Council agrees to 6.5% tax increase, spending cuts for 2010


By Kristen Shane


Facing a ‘perfect financial storm’ of almost $1.5 million in predicted budget shortfalls for 2010, Kincardine council has agreed to a five-point plan that includes increasing the tax rate by a target of about 6.6 per cent.


The municipality would also spend 6.5 per cent less than in 2009 on day-to-day costs and $500,000 less on new projects usually funded by about $1.78 million in taxes. That means fewer big-ticket items, such as the Davidson Centre addition or the Huron Terrace bridge replacement.


“It’s a year of consolidation and ‘let’s get all the projects finished that we started,’” said the municipality’s chief administrative officer John deRosenroll, the plan’s architect.


He also proposed stopping all carry-overs from the 2009 budget in order to develop some surplus from this year going into 2010. And he suggested council pass a policy that would require it to put whatever money was leftover at the end of a year into a reserve fund to draw upon to balance the budget at the end of deficit years.


“So in other words, we start each year at neutral.”


Because otherwise, the municipality may start one year with the prior year’s surplus, therefore making it less dependent on raising taxes to pay for programs. But that means it is especially hard-hit in years where there is no surplus to carry into the future.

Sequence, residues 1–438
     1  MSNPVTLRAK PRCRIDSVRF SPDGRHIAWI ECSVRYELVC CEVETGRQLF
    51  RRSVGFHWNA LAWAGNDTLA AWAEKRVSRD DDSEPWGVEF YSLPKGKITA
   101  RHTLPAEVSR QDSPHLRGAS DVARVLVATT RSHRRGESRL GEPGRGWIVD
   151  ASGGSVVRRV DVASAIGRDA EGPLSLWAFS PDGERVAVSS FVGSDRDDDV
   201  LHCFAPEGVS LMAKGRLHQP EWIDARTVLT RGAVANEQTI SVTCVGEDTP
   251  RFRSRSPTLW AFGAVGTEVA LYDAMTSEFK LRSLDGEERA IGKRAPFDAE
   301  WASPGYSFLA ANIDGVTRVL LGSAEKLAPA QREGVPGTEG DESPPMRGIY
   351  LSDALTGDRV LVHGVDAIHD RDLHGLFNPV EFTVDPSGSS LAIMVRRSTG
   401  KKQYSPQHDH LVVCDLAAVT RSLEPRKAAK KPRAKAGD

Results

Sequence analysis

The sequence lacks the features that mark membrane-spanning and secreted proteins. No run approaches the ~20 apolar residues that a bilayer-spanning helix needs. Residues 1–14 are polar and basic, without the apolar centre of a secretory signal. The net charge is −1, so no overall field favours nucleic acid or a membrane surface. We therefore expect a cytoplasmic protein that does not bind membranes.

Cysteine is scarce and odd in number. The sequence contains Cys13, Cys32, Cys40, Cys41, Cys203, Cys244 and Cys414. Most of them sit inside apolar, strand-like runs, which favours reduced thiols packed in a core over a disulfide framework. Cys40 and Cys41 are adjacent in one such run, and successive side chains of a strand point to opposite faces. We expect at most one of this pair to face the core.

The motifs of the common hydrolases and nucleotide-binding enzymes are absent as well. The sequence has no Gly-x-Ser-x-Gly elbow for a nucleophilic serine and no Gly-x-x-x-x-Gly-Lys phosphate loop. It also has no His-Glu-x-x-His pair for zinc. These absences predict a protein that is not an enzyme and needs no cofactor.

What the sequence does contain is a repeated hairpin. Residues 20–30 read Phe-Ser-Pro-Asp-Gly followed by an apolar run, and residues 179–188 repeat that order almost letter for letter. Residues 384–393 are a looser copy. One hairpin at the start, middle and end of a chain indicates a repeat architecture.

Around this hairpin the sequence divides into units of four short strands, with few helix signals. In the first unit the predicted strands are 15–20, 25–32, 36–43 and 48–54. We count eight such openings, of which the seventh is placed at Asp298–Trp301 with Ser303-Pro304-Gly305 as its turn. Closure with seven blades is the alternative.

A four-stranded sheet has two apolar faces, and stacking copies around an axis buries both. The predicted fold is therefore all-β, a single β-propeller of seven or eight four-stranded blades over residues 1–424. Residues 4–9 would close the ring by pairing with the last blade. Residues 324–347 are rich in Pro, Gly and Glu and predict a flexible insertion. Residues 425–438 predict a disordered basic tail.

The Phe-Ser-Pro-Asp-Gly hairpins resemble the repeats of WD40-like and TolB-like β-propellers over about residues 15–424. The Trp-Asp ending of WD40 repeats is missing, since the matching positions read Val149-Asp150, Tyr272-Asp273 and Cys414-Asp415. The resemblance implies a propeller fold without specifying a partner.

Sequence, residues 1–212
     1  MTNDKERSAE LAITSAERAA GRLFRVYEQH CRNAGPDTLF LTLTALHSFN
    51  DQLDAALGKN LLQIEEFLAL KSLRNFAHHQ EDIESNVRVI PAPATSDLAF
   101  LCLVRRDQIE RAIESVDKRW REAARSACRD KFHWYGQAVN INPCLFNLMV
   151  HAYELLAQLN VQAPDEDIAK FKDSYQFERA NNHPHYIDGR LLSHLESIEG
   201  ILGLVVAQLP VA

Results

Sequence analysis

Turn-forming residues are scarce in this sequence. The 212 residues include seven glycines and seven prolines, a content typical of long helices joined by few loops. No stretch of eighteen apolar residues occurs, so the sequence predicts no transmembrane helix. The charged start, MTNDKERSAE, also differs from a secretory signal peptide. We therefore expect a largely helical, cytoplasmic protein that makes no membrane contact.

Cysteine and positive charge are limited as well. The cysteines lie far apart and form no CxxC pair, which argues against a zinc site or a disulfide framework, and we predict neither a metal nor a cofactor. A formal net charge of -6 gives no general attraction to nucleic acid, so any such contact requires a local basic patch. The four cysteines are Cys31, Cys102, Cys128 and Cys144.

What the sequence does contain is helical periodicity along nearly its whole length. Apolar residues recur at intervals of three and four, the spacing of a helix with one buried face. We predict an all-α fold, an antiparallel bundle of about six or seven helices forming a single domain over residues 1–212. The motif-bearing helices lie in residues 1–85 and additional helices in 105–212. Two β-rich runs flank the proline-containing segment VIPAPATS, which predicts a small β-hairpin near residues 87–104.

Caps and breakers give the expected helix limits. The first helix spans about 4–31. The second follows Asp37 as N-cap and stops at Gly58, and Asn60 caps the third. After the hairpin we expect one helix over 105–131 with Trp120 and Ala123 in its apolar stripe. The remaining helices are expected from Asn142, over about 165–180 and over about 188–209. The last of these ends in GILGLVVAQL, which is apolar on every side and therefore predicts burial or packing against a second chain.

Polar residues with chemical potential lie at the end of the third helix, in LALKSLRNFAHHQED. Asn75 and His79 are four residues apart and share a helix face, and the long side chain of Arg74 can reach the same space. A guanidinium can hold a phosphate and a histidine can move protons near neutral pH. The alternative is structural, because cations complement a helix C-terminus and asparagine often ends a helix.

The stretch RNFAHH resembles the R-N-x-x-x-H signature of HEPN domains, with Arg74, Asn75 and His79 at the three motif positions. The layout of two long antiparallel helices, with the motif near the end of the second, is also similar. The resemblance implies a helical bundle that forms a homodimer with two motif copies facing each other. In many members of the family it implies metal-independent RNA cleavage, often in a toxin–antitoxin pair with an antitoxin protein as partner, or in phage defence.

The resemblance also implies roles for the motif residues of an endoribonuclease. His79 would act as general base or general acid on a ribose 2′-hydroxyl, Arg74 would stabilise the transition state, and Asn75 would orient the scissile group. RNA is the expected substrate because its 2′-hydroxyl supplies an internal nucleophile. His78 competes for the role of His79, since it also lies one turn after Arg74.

Council okayed the five-point plan at a special budget meeting Thursday, about two months before it would normally break out the charts and bar graphs involved in budget discussions.


Why? Because 2010 is set to be different. DeRosenroll wrote in a report to council that next year’s predicted money troubles “are unprecedented and truly reflect a perfect financial storm.”


Red-flag issues


He outlined six ‘red-flag’ issues, including losses of:


* $621,100 in regular yearly provincial funding, set to kick in in 2010


* $224,908, as the first of three equal yearly installments to repay reserve funds that council dipped into to try to shore up last year’s budget


* $150,000, in an expected shrinking in the yearly profits of Bruce Telecom, paid out to its owner, the municipality


* $373,000, the first in a 10-year schedule to pay back money owed to the bank for the Kincardine Community Medical Centre addition currently under construction


* $100,000 in money lost from municipal investments, as a result of the recession.


And whatever surplus or deficit is left from the 2009 budget, which is still unknown at this point.


Council members, municipal staff agree


Faced with a sea of red, council members said they could stomach the medicine, although they knew it would taste awful.


“I think it’s good. To look at a tax increase, hopefully it’ll be less, but at least it gives us a starting point,” said councillor Randy Roppel.


Councillor Guy Anderson noted that Saugeen Shores’ tax rate per household is more that Kincardine’s.